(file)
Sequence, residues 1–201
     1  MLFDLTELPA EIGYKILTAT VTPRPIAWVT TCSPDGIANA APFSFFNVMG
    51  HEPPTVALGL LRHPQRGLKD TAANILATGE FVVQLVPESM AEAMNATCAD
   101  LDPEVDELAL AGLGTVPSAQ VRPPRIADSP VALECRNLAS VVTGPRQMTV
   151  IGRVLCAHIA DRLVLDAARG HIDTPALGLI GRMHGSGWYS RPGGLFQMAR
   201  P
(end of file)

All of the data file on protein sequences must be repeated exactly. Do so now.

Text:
Sequence, residues 1–201
     1  MLFDLTELPA EIGYKILTAT VTPRPIAWVT TCSPDGIANA APFSFFNVMG
    51  HEPPTVALGL LRHPQRGLKD TAANILATGE FVVQLVPESM AEAMNATCAD
   101  LDPEVDELAL AGLGTVPSAQ VRPPRIADSP VALECRNLAS VVTGPRQMTV
   151  IGRVLCAHIA DRLVLDAARG HIDTPALGLI GRMHGSGWYS RPGGLFQMAR
   201  P